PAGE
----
The longhaired man's braid was over his shoulder, trailing down his chest, over his crossed arms. His jeans and shirt were black, and he was wearing a long wool coat, warm enough for the colony's winter. Of course, Heero observed, it had to be black. The unrelenting darkness looked good on Shinigami. Always had.

"What's that?" Heero finally asked, once he'd found his voice again. He didn't move from his spot on the edge of the bed.

"Your stuff."

"It was fine where it was."

"No." Duo strolled over to the single window, pushing up a slat to peer through the blinds, down to the street below. "You might as well take it with you."

"Take it where?" Heero didn't turn his head, letting only his eyes move as he watched the other man's movements.

"Back to wherever you came from, of course," Duo said. It was that familiar tone that sounded amiable if you didn't know him, Heero thought. It sounded like death if you did.


"Because you're fired," Duo replied, turning to regard Heero coolly. He flipped the braid behind him absently and leaned against the wall, one hip higher than the other. A casual movement, but even when so nonchalant Duo was constantly in motion, although less frenetic than when he was younger.

Heero couldn't find his voice for a second, but when he did, he found his fury at the same time. He came to his feet in a smooth movement, spitting his words at the thief, coldly furious. "Fired? I've done everything Hel wanted, and more. If she doesn't want me here, she can tell me that herself."

Duo didn't flinch.

The dark-haired man paused, watching Deathscythe's pilot for a long minute. Heero's eyes narrowed as he realized what he'd forgotten. His voice was detached as he tested his impromptu theory. "Does Hel want me gone?"

The other man didn't answer.

"Does Trey want me gone?"

Duo's gaze was steady, but he still didn't speak. Heero chuckled, a low sound, and was gratified to see a flash of irritation across Duo's face.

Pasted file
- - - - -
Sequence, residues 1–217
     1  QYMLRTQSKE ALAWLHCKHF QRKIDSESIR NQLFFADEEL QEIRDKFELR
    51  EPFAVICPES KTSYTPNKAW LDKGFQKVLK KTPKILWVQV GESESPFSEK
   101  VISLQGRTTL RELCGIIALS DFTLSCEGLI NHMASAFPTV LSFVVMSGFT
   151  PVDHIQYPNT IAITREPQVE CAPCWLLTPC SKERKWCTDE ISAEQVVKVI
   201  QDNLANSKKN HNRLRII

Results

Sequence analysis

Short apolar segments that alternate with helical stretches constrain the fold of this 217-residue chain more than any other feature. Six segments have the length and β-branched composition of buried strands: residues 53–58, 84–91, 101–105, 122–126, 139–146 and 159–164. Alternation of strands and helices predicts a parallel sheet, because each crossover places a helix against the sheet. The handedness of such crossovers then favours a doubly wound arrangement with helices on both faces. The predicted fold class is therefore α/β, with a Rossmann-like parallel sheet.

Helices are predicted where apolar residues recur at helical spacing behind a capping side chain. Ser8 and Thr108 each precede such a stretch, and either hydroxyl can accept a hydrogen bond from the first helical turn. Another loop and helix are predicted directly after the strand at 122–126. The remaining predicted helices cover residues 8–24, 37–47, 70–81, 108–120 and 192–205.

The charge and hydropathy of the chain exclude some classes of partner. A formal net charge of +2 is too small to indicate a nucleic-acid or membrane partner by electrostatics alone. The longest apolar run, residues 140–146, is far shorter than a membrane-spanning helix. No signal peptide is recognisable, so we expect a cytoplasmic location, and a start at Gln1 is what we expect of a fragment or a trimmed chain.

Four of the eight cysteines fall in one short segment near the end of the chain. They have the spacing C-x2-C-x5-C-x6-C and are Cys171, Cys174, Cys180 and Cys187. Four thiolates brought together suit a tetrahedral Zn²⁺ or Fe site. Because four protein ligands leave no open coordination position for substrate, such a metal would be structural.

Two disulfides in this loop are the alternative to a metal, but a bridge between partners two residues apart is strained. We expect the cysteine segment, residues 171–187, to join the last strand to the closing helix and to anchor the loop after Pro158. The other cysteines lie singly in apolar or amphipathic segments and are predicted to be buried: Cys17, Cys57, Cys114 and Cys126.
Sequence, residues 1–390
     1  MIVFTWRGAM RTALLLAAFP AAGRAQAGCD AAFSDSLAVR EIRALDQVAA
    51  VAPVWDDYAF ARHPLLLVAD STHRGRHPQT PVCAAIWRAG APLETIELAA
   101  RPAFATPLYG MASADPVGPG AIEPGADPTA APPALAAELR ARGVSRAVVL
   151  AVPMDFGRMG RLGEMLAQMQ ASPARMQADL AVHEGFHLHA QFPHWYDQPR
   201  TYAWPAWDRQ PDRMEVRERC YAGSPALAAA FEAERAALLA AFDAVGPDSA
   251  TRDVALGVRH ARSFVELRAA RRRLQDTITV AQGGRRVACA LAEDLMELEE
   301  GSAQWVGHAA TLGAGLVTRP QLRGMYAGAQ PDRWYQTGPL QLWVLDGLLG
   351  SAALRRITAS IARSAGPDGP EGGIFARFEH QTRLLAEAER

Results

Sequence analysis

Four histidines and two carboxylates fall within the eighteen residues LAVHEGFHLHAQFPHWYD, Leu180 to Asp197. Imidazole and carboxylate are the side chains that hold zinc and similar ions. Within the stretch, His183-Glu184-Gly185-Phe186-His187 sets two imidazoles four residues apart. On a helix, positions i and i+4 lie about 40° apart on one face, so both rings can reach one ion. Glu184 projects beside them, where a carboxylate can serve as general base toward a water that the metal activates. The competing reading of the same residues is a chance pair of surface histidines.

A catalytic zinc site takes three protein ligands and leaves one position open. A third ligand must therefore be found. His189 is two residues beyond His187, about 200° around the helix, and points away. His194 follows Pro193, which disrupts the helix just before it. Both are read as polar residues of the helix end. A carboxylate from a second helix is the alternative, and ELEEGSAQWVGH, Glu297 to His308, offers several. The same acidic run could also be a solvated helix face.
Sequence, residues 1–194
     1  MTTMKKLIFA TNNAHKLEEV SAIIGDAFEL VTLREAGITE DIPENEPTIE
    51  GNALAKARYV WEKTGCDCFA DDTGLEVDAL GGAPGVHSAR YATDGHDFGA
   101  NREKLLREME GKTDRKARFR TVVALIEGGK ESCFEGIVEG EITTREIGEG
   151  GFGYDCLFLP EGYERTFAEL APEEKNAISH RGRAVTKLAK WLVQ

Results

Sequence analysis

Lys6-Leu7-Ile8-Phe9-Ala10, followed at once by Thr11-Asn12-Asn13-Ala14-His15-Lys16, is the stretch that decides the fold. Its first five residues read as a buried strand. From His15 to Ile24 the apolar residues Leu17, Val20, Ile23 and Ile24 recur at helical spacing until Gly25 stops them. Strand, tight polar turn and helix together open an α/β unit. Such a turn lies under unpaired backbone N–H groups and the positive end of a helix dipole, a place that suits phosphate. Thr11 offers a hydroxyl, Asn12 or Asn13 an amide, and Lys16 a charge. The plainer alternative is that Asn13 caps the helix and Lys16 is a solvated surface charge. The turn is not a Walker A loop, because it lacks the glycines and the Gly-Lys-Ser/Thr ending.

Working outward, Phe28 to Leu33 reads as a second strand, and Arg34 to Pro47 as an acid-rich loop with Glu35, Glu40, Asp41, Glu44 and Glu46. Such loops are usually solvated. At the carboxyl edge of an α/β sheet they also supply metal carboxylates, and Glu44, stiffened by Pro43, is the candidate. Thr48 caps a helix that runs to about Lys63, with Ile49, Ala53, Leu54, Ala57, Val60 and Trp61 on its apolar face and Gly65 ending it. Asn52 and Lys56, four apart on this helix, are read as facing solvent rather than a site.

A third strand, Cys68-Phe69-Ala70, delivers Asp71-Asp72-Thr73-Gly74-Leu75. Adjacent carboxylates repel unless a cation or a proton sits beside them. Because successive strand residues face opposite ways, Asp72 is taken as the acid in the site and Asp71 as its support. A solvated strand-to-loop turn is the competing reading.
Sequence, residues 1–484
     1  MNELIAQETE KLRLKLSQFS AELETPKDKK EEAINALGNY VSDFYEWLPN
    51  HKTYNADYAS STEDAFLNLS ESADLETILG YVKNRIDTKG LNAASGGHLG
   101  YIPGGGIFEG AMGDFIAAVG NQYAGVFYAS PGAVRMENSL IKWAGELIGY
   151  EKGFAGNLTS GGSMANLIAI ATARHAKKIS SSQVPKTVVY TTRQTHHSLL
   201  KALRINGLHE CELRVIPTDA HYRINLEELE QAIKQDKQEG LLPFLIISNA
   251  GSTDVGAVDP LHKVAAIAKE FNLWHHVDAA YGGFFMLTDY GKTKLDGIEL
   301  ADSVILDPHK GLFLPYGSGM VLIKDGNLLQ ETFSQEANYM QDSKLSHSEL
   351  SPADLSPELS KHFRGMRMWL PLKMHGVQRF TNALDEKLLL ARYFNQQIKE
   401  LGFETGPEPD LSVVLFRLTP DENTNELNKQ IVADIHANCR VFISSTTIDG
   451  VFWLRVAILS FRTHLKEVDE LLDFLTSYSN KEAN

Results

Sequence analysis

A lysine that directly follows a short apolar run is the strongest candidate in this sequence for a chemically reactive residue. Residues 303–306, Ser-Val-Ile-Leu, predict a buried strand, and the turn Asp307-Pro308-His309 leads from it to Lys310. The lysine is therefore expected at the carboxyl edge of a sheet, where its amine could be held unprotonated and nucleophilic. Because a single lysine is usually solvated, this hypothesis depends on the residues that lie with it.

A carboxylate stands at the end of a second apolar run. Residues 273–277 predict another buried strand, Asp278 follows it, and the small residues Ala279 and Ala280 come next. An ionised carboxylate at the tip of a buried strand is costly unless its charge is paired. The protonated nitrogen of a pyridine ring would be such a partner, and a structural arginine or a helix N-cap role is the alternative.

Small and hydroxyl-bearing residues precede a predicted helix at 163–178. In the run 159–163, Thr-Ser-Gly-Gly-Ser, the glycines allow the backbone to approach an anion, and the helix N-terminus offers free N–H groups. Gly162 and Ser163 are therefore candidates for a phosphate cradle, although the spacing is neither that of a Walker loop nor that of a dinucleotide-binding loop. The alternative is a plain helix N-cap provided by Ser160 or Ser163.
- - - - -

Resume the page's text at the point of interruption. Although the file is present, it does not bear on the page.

"You still can't lie," Heero whispered.

"Maybe," Duo answered, his icy smile already back in place as he regarded Heero standing over the black bag. "But you still don't belong here. Go back now, before it's too late, and you're stuck."

Heero stared down at the bag, then turned to face Duo.

"I said I'm staying, and I meant it."

"You're leaving." Duo took a step forward, but Heero held his ground. Duo's voice had dropped to a lower register, nothing like his cheerful mockery on the battlefield, but the smile was still in place. Heero allowed a heartbeat to admire the lethal grace as the other pilot stalked towards him.

"You're going to take your stuff... " Duo moved again, and Heero belatedly realized Duo was within arm's length. Fighting distance.

"And you're going to go to the docking station... " Duo glided closer. Heero unwillingly stepped back to avoid the longhaired man.

"And you're going to buy a ticket... " Duo took another step.

Heero stumbled backwards just in time to avoid the other man's touch. The dark-haired man's face was set in a deep scowl, but his eyes were wide and uncertain. Struggling to regain his composure, Heero breathed slowly through his nose, his hands clenching into fists at his side.

"And you're going to take a shuttle... " Duo stepped closer just as Heero's next backwards step made him hit the wall.

"And you're going to go home." Duo didn't punctuate the last statement with another advance, but merely leaned into Heero until their faces were only a hand's length apart. In his bare feet, against Duo in boots, their height was nearly even, with Duo's lips just an inch below Heero's.

Duo's face was tilted upwards a degree, his eyes a dark purple, his expression deadly pale and serious despite the taunting smile. But his chestnut bangs were falling across his face, as tangled as when he was only a teenager suspended on the brink of adulthood. The disheveled bangs softened his appearance, and the shadows on his face were sweetened by the contrast.

Heero realized he was holding his breath, and let it out slowly.

"What if I refuse?" Heero asked, barely able to put any force behind the words. He could smell Duo, an intoxicating mix of old leather, jet fuel, and Indian curry. Those peculiar amethyst eyes were half-closed, watching him from under heavy lids, and Heero felt his knees buckling. Annoyed with his body's betrayal, he rebuked himself. Now is not the time. Mission mode is the only way to get through this.

Duo put one fist up and slammed it into the wall next to Heero's right ear with deadly speed. Leaning in close until their faces were mere inches apart, Duo cocked his head, scrutinizing Heero. His expression was unreadable.

"Only if you tell me why," he murmured, his breath hot on Heero's cheek.

"Because... " Heero tried to think. What could he say? "Because... I wanted to know why."

"Why what," Duo cajoled.